When you've completed the basic copy on your site, feel free to share a link here in the comments. By taking a look at the format, tone, and other elements colleagues use, everyone can benefit from seeing different styles and perspectives.

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Jennifer Mattern is a professional blogger, freelance business writer, and indie author. She began writing for clients in 1999 and started her first blog in 2004.

She owns 3 Beat Media - a publishing and client services company which operates All Indie Writers as well as several other websites and blogs including The Busy Author's Guide and BizAmmo. Jenn comes from a background in online PR and social media consulting, having owned a small PR firm for several years before choosing to pursue a full-time writing and publishing career.

Jenn also writes fiction under multiple pen names in the areas of children's fiction, mysteries, and horror fiction. Jenn is an active member of the Horror Writers Association (HWA) and currently serves as the organization's Assistant Coordinator of Promotions and Social Media.


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The 30 Day Marketing Boot Camp for Freelance Writers

4 Comments

  1. Matt Willard September 14, 2009 Reply

    Made some changes to my About page, but I think I’ll need to save the home page copy for another day. I just got off a four-hour writing stint and anything else I make at this point would be terrible :V Off to check out your blogging challenge stuff!

  2. Jennifer Mattern September 16, 2009 Reply

    Just keep a running to-do list. If you can’t finish something one day, this way you’ll have a note so you remember to do it the next. Just don’t move on with other tasks that build upon previous days until that previous day’s work is done. Then you should be fine.

    When this is all said and done I’ll be revamping, improving, and adding to the content and selling a marketing bootcamp e-book (including tools and worksheets not available on the blog to make this easier). So if anyone’s really struggling to keep up, there will be more of a self-help option at some point down the road if they prefer that.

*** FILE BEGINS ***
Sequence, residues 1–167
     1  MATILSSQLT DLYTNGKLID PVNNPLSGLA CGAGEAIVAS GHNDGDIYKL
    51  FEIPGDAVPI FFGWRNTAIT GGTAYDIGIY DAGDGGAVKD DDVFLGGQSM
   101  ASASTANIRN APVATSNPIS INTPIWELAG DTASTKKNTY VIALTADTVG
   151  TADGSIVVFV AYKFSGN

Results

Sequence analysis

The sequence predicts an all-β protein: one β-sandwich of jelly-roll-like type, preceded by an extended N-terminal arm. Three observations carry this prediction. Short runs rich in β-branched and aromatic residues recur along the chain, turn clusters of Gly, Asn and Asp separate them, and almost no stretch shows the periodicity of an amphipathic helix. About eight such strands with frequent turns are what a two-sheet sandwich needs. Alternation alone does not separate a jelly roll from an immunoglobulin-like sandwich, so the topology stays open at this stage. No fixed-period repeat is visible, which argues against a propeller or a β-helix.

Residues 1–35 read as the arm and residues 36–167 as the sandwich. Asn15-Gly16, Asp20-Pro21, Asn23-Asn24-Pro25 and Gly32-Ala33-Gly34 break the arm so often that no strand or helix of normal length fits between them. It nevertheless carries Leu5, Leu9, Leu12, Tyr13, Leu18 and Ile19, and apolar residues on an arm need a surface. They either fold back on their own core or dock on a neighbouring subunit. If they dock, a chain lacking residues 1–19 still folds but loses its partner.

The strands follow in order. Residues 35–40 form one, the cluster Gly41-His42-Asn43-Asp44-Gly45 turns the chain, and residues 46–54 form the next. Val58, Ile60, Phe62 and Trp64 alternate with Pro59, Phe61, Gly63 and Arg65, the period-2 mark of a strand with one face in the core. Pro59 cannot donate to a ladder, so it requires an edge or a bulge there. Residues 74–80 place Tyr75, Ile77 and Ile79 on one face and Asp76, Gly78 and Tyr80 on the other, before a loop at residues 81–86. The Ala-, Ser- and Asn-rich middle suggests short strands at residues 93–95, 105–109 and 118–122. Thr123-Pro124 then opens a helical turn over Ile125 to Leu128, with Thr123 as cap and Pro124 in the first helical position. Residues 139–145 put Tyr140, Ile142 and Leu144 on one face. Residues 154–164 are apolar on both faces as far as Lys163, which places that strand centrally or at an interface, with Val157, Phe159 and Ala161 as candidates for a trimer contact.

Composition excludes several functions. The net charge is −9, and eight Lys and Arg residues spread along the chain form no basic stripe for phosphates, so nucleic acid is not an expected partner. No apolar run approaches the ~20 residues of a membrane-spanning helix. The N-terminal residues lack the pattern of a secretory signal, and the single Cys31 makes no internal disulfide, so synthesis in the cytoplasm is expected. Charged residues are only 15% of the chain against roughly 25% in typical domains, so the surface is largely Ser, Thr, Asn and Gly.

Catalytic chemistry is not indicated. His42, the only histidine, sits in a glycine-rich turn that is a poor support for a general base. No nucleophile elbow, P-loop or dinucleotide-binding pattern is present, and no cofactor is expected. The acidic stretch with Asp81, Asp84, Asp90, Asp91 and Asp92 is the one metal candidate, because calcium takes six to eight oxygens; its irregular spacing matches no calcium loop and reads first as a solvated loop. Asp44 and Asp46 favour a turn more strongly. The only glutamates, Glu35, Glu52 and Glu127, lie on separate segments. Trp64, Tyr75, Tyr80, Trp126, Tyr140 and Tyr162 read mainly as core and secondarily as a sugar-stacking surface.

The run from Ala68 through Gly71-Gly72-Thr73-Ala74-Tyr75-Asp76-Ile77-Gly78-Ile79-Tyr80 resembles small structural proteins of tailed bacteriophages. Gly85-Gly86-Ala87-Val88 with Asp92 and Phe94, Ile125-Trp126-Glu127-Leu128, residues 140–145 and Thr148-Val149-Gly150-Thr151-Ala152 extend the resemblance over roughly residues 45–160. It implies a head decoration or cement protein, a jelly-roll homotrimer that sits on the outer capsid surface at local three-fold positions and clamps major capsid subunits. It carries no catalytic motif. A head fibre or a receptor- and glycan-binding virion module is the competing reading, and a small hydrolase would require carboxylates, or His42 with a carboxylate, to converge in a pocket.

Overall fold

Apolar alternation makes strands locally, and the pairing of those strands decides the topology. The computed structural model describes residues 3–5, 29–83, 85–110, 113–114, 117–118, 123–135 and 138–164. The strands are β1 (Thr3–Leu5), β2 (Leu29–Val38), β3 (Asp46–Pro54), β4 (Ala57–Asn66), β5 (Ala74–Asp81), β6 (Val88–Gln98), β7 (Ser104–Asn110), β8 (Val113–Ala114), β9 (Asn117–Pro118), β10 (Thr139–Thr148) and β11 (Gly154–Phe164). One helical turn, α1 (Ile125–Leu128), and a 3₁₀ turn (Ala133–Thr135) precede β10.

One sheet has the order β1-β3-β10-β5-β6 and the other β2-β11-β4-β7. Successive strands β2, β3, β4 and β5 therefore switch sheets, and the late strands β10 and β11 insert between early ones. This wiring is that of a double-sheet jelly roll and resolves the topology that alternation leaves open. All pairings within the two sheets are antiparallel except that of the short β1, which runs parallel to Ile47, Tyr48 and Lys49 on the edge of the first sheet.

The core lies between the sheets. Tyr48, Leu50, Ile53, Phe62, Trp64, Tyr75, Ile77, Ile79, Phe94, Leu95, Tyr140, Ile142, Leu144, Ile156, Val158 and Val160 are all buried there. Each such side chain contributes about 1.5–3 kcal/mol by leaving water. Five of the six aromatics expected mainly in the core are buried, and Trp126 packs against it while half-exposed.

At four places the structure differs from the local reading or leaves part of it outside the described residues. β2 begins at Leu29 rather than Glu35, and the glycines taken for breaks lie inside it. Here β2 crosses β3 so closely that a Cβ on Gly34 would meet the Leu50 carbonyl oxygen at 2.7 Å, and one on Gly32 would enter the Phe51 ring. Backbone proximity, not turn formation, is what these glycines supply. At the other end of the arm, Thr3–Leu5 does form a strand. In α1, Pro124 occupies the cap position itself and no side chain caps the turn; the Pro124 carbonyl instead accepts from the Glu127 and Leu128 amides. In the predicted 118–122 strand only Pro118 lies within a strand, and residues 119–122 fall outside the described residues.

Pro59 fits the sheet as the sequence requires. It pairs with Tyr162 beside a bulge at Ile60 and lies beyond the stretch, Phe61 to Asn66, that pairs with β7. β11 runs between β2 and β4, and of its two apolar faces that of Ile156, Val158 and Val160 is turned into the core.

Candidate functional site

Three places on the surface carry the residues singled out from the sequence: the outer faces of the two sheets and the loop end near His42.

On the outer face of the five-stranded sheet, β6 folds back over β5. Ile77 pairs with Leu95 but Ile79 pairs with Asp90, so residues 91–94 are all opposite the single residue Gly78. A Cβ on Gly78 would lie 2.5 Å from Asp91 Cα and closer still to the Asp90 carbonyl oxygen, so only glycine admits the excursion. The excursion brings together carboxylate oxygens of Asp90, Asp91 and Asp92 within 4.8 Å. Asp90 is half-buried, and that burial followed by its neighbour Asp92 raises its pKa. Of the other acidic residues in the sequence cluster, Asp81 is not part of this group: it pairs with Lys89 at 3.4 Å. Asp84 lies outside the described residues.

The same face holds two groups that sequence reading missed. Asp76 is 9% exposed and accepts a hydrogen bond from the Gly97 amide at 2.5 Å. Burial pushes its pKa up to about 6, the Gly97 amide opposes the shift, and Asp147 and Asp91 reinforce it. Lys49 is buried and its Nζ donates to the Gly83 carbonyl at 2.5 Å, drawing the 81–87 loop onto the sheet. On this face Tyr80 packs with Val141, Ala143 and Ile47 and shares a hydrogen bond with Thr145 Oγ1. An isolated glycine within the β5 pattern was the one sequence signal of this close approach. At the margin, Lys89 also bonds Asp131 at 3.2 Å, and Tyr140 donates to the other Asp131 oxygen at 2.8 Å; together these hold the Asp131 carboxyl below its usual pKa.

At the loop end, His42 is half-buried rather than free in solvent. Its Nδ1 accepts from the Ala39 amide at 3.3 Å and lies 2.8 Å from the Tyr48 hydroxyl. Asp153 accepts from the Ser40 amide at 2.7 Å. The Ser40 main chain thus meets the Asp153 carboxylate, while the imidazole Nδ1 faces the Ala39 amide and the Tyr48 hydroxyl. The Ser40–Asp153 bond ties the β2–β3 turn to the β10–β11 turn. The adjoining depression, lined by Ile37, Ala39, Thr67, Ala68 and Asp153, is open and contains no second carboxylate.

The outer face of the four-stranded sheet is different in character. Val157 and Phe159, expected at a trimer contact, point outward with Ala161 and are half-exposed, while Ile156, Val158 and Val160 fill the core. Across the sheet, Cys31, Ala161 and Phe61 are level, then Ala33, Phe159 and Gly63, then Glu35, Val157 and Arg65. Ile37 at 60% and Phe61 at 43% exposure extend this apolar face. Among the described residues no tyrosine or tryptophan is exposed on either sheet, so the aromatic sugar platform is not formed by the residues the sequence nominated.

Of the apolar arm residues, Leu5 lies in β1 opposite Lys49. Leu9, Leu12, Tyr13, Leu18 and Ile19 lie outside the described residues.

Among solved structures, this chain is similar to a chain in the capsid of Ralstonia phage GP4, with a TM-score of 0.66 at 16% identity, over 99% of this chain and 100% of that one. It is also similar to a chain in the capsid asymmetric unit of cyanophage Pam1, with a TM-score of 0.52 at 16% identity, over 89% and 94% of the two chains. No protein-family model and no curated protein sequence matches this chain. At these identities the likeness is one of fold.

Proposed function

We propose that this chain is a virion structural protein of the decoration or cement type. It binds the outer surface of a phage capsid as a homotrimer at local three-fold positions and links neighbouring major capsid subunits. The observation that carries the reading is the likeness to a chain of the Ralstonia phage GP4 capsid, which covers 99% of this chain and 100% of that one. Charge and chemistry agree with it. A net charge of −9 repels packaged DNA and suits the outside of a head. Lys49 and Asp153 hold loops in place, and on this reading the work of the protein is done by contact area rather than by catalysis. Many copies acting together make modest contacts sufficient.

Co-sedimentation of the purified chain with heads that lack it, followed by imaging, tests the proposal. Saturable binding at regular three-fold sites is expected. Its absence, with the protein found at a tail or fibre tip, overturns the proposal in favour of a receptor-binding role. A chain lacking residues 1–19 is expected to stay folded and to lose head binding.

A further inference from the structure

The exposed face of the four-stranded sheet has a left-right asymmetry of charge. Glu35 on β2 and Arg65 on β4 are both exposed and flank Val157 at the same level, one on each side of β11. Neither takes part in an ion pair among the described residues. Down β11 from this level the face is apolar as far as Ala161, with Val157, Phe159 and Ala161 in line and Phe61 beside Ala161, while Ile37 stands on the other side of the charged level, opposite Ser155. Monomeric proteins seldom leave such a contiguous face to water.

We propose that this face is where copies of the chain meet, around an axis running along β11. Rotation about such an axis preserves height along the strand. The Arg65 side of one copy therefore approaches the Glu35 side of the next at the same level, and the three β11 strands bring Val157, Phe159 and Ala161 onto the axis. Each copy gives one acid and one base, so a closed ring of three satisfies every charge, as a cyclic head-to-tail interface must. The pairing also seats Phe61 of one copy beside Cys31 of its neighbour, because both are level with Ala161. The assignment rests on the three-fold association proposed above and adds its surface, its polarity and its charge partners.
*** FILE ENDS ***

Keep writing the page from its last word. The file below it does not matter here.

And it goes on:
3. Marisa Wikramanayake December 22, 2009 Reply

    Hi,

    I’ve been following this along mostly because it intrigued me. I’ve been freelancing for a year now but I have got by without querying as yet so I wanted to check it out.

    At this point, I’ve already set up my website with pages and copy and all. What I really need is a set of eyes to tell me what I can and should improve about what I have on there at the moment.

    I am looking forward to going through the rest of the bootcamp. Thank you so much for this!

    Cheers, Marisa.

  4. Jennifer Mattern December 22, 2009 Reply

    Here are a couple of suggestions that will hopefully help:

    1. The main font in the body — I would suggest increasing the size by a point or two. Right now it’s very small which makes it more difficult to read (more importantly, it makes it more difficult to quickly scan for important details).

    2. The script font is a little hard to read too — maybe changing to a similar font would help (the letters on this one are very condensed, which makes them look squished together and a bit difficult to read as well).

    3. The main navigation links could also be bigger. Right now they’re completely overwhelmed by the off-site links like to Twitter. When on your site, the first thing that should be obvious to a visitor is how to actually get around your own site before you send them someplace else.

    4. In the sidebar I would put a little more space between each item (like the portfolio and review links). Right now they run together a little bit.

    I think some minor tweaks like those might go a long way to making the site easier to navigate — and when you’re talking about potential clients, we want to keep it as easy as possible so they information they want is right at their fingertips. It does look like the site covers all of the basic info pretty well though — just a few design suggestions from me. Hope it helps! :)